In late 2015, Secretary of Defense Ash Carter announced that a so-called Expeditionary Targeting Force comprised of elite U.S. special operations units would begin deploying to Iraq and Syria to assist in the war against ISIS. So far, that task force appears to have been instrumental in reversing the tide of the war, most notably in Ramadi, where in December U.S.-backed Iraqi forces managed to retake the city from ISIS after a five-month slog.
Now, U.S.-backed anti-ISIS forces are set to shift their attention to Mosul, a sprawling metropolis in northern Iraq that has served as the Islamic State’s chief stronghold in the country since the summer of 2014.
Most recently, the fight against ISIS centered around al-Shadadi, a town of roughly 15,000 in eastern Syria, which Kurdish and Arab forces retook over the course of several days in late February, in effect severing a key ISIS supply line between Raqqa and Mosul.
Task & Purpose spoke with Sebastiano Tomada, a veteran war photographer with Getty Images Reportage, who was embedded with the Y.P.G. Kurdish militia during the push into al-Shadadi.
His remarks offer an on-the-ground insight into the bloody fight to counter ISIS, and perhaps a glimpse into Western involvement.
Tomada told Task & Purpose that al-Shadadi, which is located 200 miles east of Raqqa, fell quickly with the help of American airstrikes. Once inside the corpse-littered town, Tomada observed the freshly destroyed remnants of a deeply entrenched ISIS force.
Here’s how al-Shadadi looked to Tomada when he visited the town Feb. 19-21:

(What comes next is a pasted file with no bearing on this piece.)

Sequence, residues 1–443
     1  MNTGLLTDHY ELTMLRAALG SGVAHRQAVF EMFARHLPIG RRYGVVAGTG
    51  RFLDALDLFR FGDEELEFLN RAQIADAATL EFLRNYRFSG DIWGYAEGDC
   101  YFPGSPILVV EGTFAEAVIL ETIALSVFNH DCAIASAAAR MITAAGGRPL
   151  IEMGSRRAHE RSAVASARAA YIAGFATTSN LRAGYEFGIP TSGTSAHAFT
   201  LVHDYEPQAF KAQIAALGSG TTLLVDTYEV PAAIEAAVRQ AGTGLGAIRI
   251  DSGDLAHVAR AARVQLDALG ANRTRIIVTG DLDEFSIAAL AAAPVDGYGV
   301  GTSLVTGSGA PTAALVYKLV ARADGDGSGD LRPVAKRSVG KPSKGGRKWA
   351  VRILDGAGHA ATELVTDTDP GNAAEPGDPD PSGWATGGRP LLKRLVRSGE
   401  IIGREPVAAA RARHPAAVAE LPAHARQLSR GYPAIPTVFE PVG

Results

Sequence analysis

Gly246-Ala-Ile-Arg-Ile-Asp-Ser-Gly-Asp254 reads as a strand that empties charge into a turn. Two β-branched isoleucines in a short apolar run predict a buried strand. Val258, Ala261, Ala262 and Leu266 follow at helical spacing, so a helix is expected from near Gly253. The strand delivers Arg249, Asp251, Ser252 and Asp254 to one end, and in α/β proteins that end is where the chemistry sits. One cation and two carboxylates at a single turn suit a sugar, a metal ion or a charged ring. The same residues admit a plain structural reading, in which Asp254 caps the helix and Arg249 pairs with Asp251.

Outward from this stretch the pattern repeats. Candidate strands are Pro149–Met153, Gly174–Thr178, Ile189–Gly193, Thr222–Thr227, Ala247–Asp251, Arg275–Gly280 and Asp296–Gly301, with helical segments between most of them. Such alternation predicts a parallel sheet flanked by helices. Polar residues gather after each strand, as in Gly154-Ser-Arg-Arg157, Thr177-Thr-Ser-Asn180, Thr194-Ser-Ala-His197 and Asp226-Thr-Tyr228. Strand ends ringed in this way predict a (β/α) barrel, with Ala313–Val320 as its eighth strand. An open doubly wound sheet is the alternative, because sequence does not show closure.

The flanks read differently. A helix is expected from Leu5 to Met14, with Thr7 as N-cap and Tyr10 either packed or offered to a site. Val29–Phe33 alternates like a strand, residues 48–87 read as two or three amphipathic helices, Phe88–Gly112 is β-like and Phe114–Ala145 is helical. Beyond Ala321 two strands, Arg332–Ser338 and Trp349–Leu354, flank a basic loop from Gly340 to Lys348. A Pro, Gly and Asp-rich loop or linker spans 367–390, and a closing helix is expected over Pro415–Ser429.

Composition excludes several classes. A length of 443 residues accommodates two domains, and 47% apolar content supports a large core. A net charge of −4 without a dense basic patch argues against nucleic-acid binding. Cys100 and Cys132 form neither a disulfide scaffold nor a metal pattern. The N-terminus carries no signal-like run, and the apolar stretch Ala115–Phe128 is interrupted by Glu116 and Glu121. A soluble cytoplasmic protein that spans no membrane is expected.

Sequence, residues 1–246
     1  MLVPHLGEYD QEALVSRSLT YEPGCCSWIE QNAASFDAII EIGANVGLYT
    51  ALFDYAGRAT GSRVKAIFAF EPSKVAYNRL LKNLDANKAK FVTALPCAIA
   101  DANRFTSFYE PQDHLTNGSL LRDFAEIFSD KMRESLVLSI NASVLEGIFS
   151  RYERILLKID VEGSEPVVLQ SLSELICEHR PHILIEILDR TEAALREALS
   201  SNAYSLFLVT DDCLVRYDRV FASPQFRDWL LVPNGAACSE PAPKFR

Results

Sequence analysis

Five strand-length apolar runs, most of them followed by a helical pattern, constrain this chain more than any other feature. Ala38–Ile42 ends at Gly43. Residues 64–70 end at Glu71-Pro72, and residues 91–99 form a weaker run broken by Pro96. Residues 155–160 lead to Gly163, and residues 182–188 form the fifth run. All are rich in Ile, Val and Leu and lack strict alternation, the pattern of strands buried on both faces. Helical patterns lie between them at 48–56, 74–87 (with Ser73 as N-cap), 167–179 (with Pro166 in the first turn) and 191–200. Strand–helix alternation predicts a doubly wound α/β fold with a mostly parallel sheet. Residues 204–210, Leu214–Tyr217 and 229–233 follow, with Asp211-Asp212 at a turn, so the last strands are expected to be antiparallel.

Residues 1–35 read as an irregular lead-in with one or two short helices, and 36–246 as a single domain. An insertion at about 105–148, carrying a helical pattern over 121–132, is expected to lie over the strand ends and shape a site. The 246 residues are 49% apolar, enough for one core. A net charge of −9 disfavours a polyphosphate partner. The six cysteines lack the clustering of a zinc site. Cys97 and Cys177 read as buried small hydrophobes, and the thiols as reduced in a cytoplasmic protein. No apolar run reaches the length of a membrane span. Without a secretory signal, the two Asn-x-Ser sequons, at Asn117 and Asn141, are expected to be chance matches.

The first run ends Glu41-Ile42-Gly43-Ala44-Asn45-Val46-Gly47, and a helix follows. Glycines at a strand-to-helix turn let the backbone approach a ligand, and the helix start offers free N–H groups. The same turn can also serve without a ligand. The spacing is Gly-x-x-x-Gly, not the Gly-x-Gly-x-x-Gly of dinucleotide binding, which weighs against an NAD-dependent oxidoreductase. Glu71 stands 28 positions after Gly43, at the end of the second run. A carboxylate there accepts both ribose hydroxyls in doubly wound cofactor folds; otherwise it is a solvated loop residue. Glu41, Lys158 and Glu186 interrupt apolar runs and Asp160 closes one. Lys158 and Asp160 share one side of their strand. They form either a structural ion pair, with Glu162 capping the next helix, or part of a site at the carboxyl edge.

“[There were] bunkers for airstrikes, tons of Malaysian and Indonesian passports, antidotes and test tubes for nerve gas, presence of Chechen fighters and a destroyed town,” Tomada said. “[There was also] a supposed rape house with women’s clothes beds, condoms, and chains.”
Tomada, who has covered conflict in Afghanistan, Iraq, Libya, Yemen, and Syria since 2009, also described seeing between six to eight Western soldiers armed with suppressed sniper rifles and dressed in a combination of camouflage and khaki. All of them, he said, were Caucasian and spoke with American accents.
“I tried talking to them but they totally avoided me,” Tomada said. “They were posted on top of a house, and I think they were in charge of calling in airstrikes. At night, they’d leave in a convoy of white Land Cruisers.”
Task & Purpose reached out to the Pentagon to ask if U.S. troops were conducting operations within that area of Syria in the timeframe Tomado described.
“We are not going to discuss the location of U.S. special forces and whether or not they’re in any particular area,” Army Maj. Roger M. Cabiness II, a Department of Defense spokesperson, told Task & Purpose via email. “We’ve said we have a small number of special forces that have been operating in Syria but we’re not going to get into details that might expose them to risk.”
On Feb. 29, after weeks of intelligence gathering and preparation, the U.S. Army’s elite Delta Force — a key element of the Expeditionary Targeting Force — officially kicked off combat operations in Iraq to “target, capture, or kill ISIS operatives,” according to CNN.
“The only thing I’ll say is the (Expeditionary Targeting Force) is in position, it is having an effect and operating, and I expect it to be a very effective part of our acceleration campaign,” Defense Secretary Ashton Carter told reporters on Feb 29.
Whether the U.S. special operations forces footprint in Syria will expand in the coming months remains to be seen (or will remain under wraps), but with Raqqa still under ISIS control, it seems very likely.
Right now, the focus is on Mosul, which is expected to be a far more brutal fight than anything anti-ISIS forces in Iraq have experienced thus far. Aside from being the country’s second-largest city, with a population of more than one million people, Mosul has been transformed into a virtual fortress since it fell to ISIS in 2014.
According to The New York Times, the push to retake the city could begin as soon as March.